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Cloth diapering for a new generation: we’ve come a long way, babies!

Cloth diapering for a new generation: we’ve come a long way, babies!

I just can't even handle the cuteness.Are you picturing a cloth diaper as an elaborate process of folding and pinning, secured with a safety pin (a sharp object you’d rather not be operating near your baby while sleep-deprived at 3am)? Today, there are so many better options that are not only eco-friendly, but even more cost-effective than ever. Here’s my overview of some great choices for diapering your baby the natural way!

Before we get started: there are a lot of misconceptions about cloth diapering. I hear people say that their child was potty-trained by age one because they could still feel the wetness, and modern day disposable diapers are so effective at sopping up wetness that kids won’t feel it at all, complicating the potty-training process. I personally believe, however, that this is just a societal change. In the 1920s, children were potty trained at one. That jumped up to 18 months in the 1950s. Today, the average age for potty training is 2.5-3 years old. Ultimately, the timing for potty-training varies more by your preferences and your child’s readiness than by whether you use cloth or disposables.

With that said, here are some cloth diaper options:

Flats and prefolds: You can still use the classic flat or prefold diapers with the safety pins if you like, since they’re still supremely cost-effective! Flats are a large square cloth that needs to be folded and secured with a safety pin. Prefolds are a rectangular cloth that is thicker in the middle for more absorption, and also require pinning. With both of these kinds of cloth diapers, you will want to use an outer shell every time to keep liquid from seeping through. Diaper covers are usually made of cotton, but bamboo and hemp are becoming more commonly used because of their antimicrobial properties. They need to be washed up to 4 times before use to get all the natural oils out of the fabric, and they get more absorbent as they are washed.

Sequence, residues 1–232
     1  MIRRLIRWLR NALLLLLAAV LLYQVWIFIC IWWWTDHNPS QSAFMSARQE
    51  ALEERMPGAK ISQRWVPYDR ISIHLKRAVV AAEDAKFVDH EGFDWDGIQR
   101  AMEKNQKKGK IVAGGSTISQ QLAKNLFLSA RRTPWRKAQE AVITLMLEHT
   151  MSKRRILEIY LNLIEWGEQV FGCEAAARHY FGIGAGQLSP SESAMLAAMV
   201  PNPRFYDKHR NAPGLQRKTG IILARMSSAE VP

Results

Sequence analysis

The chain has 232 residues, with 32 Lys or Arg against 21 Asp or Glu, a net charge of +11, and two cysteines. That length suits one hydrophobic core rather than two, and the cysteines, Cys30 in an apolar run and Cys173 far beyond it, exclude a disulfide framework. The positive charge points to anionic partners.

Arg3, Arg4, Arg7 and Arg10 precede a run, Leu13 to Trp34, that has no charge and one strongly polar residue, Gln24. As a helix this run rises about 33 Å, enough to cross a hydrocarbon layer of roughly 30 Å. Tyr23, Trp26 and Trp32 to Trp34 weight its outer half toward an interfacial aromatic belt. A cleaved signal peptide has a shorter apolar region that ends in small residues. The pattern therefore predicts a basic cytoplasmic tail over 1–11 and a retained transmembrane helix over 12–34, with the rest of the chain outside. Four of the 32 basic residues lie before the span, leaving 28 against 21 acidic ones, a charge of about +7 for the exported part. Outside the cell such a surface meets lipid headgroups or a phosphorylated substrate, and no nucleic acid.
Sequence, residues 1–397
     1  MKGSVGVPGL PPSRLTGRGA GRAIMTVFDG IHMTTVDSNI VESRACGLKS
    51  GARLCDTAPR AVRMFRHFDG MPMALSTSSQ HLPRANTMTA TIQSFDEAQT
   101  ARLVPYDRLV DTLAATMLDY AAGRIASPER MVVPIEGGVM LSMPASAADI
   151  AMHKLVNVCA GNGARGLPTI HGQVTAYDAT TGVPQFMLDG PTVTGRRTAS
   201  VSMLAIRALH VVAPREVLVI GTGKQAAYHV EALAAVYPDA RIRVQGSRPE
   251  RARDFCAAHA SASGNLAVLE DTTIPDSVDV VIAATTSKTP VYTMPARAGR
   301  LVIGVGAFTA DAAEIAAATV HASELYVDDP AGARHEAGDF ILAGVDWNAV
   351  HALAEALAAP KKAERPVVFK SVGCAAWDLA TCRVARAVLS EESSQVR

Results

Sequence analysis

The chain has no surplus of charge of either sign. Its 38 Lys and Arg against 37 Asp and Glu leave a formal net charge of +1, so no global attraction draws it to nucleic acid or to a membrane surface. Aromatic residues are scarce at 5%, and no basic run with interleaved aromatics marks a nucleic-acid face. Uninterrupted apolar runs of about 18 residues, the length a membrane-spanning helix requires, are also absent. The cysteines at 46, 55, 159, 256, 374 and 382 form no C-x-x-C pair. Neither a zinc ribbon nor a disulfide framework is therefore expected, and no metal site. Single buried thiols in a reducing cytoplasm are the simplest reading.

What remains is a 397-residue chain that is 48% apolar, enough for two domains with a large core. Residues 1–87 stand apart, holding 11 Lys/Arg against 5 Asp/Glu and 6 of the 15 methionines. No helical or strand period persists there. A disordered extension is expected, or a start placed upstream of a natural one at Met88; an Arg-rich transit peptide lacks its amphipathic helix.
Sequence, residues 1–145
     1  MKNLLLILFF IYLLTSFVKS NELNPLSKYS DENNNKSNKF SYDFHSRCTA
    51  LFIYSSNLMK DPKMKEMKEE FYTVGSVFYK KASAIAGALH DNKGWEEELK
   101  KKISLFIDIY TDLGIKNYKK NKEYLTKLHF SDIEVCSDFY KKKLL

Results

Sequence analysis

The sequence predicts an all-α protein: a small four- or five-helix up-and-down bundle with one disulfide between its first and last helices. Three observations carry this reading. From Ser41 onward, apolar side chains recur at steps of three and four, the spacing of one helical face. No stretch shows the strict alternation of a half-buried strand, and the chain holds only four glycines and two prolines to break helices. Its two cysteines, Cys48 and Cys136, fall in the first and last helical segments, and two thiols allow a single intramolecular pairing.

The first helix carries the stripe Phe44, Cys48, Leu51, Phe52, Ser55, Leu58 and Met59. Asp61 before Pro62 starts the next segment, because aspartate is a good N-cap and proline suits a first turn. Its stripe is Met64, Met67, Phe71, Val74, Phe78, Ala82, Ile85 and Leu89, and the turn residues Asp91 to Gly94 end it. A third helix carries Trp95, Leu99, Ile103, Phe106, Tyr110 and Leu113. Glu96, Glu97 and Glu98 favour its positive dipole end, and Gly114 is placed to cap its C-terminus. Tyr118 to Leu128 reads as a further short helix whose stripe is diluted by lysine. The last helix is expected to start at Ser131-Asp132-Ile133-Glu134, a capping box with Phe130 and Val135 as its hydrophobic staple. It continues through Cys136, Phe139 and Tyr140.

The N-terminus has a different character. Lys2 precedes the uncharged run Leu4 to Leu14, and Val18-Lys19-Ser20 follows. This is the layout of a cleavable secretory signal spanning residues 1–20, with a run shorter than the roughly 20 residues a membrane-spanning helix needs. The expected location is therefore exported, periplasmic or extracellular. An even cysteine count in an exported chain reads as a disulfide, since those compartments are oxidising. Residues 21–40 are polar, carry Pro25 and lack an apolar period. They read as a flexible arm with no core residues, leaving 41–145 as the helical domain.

Fitted and contour diapers: These are similar to flats/prefolds since they still need a shell, but they don’t require pinning. Fitted diapers have an elastic around the leg opening; contours do not. Contours are less expensive, but they tend to have a larger size range and may not fit every child. The entire diaper will be more absorbent than a flat/prefold, but you do need to purchase separate shells.

All-in-One (AIO) and All-in-Two diapers: These options are most like disposables. AIO have the liner sewn into the diaper, and the All-in-Two have a removable liner that snaps in, so there will be no stuffing and unstuffing at laundry time. You do not need a shell, as everything is together with these diapers.

Pockets and Sleeve diapers: These are very similar to AIO diapers, but the inserts are not sewn in – instead, there’s a pocket in which you stuff before every use. Pocket diapers have one opening to put the stuffing in, and the stuffing then needs to be taken out before laundering. Sleeve diapers are opened on both sides, so the stuffing can make it’s way out in the wash.

Hybrid diapers: These are a cross between disposable and cloth diapers. There are two to three parts to the diaper: an outer shell, soaker pads, and biodegradable liners. You snap the liner into the shell to soak up the liquids (it can be a cloth reusable soaker or a disposable soaker). Then you can place the biodegradable liner on top to catch the solids. This makes it incredibly easy to take the solids out and flush them down the toilet.

Whether you go with cloth or disposable, we’ve got you covered at Magic Beans, and our friendly customer service reps will be happy to discuss your options with you before baby arrives. So if you’re readying your baby registry and have questions about what diapering system is right for you, ask us!

The post Cloth diapering for a new generation: we’ve come a long way, babies! appeared first on Spilling the Beans - Magic Beans.

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